* After the passage of the Vietnam War, it was decided that it would be proper for an unidentified serviceman from that conflict to be buried at the Tomb of the Unknowns as well. As was the case with the unknown soldier from World War II, the honoree from the Vietnam War was chosen by a Medal of Honor recipient. During a ceremony at Pearl Harbor, Sgt. Maj. Allan Jay Kellogg, Jr. of the Marine Corps designated which soldier would be buried at Arlington. Continuing tradition, the remains lay in the U.S. Capitol prior to burial. On Memorial Day 1984, the casket was transported from the Capitol to the Tomb of the Unknowns. President Reagan, who presided over the ceremony, awarded the service member the Medal of Honor. Also, acting as next of kin, Reagan accepted the interment flag near the ceremony's end. The event concluded with the burial of the unknown soldier, who would not rest at Arlington eternally, but for just fourteen years.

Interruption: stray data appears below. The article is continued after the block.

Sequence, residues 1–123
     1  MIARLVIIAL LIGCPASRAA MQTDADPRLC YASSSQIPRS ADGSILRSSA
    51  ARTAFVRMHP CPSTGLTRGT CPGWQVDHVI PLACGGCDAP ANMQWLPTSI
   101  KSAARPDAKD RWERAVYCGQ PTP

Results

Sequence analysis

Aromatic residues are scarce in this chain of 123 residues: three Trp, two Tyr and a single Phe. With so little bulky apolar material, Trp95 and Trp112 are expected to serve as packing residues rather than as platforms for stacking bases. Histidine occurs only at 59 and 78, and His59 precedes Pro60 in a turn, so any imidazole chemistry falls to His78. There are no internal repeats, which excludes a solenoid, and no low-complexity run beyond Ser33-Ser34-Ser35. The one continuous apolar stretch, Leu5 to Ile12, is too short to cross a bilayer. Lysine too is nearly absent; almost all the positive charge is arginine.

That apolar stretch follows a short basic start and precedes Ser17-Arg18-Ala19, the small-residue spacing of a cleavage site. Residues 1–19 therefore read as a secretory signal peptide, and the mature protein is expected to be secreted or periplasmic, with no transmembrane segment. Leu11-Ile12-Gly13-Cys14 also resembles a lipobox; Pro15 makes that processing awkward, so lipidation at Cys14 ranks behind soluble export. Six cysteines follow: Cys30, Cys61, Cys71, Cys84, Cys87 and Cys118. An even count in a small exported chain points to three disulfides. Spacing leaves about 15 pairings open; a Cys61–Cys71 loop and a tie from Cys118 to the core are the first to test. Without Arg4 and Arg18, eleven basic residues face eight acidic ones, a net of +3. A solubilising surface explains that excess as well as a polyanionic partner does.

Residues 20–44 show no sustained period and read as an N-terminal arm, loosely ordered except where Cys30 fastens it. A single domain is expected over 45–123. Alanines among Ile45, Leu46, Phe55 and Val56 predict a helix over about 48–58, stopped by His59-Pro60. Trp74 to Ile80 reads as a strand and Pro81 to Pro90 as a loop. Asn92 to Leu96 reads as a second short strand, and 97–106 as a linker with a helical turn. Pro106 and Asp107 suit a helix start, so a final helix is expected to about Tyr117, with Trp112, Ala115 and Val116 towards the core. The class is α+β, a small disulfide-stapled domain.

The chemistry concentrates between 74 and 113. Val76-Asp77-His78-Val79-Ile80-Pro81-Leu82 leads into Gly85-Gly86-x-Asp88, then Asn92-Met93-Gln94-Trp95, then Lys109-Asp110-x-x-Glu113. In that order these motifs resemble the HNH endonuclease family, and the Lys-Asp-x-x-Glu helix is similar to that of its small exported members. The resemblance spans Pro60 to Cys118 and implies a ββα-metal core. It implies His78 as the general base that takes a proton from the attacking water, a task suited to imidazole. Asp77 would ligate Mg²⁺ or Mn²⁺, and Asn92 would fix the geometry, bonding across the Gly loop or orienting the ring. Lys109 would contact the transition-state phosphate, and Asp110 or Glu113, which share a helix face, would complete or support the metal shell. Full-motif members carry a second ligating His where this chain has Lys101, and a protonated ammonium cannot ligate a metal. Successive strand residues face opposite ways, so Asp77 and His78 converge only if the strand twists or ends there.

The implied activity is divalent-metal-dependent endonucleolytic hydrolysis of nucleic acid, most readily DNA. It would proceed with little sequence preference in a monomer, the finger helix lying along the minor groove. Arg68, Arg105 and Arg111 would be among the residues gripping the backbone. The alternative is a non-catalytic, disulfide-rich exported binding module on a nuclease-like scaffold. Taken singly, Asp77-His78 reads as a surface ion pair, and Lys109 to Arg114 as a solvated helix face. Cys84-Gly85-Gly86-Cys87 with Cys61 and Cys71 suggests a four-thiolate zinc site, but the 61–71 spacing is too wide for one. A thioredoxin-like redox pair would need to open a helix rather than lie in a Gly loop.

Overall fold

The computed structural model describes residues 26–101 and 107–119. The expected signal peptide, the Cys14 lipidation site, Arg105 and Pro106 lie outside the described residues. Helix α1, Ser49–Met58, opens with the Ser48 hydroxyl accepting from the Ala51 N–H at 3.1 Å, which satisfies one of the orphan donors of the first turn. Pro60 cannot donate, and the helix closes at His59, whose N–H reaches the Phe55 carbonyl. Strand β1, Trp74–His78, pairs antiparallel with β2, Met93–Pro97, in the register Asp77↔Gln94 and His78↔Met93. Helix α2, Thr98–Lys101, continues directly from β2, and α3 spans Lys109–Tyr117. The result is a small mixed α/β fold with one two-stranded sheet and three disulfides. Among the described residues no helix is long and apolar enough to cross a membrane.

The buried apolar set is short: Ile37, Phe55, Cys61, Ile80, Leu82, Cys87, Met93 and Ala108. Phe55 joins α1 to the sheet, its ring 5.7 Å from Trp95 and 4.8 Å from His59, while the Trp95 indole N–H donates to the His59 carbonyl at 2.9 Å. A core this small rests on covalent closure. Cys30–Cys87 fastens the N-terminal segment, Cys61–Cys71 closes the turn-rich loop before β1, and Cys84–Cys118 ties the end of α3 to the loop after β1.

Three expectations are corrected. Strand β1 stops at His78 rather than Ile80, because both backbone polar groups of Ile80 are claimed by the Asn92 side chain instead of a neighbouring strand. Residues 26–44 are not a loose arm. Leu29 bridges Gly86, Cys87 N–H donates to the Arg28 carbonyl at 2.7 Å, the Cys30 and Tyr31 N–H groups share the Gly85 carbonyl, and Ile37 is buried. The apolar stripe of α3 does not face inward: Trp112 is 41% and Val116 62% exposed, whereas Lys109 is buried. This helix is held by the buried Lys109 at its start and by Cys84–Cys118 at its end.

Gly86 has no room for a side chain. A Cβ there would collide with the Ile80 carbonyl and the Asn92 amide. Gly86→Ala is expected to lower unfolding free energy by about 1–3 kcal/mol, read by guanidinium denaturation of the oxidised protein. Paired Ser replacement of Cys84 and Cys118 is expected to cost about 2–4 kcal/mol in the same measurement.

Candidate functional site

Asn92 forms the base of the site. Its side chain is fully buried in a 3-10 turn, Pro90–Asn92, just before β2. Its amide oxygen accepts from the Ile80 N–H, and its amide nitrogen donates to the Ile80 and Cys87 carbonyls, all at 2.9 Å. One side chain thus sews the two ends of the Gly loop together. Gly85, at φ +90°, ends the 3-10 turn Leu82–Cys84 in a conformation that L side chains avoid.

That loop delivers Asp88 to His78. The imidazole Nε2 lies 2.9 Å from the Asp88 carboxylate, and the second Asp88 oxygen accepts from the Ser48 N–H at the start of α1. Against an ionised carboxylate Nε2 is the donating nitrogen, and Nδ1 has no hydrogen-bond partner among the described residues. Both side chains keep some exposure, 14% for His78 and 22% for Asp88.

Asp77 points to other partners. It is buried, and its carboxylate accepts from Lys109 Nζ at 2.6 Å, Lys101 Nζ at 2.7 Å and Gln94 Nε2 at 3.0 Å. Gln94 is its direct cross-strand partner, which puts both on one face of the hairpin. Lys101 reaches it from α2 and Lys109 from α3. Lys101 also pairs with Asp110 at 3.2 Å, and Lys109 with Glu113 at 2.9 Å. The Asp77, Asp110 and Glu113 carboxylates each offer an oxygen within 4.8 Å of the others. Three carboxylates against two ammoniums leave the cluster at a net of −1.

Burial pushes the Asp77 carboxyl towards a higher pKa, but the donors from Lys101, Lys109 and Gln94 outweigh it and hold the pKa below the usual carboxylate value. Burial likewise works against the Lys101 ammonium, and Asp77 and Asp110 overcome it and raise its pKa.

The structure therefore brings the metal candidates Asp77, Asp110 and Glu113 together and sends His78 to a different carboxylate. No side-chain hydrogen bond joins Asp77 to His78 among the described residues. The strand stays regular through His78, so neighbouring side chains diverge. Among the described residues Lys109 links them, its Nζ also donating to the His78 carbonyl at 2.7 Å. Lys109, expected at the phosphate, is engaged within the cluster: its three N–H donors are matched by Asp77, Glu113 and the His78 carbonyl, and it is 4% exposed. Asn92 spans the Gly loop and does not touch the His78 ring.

* Though the memorial once included the remains of four unknown soldiers, only three bodies rest at the memorial today. In 1994, the publisher of the U.S. Veteran Dispatch concluded that the remains of the unknown serviceman from Vietnam was Lt. Michael J. Blassie, who was shot down over An Lộc in 1972. When partial skeletal remains were found in that area a few months later, they were initially determined to be what was left of Lt. Blassie. However, they were reclassified as unknown when conflicting evidence suggested that it was someone other than the lieutenant. The publisher of the Dispatch, Ted Sampley, conducted research for several years before reaching his conclusion. He then printed his findings in the dispatch and contacted Blassie's family. Pressured to allow DNA testing on the body, the Pentagon resisted for several years. In 1998, the case picked up more steam when CBS reported that a seven-month investigation had revealed that the bones most certainly belonged to Blassie and it appeared as if the Pentagon was trying to hide the revelation. Several months later, permission was given to exhume the remains, and testing verified that they belonged to Lt. Blassie. Afterward, Blassie was flown to his hometown, St. Louis, and buried with full military honors. The crypt at Arlington that held the airman's remains is still vacant today.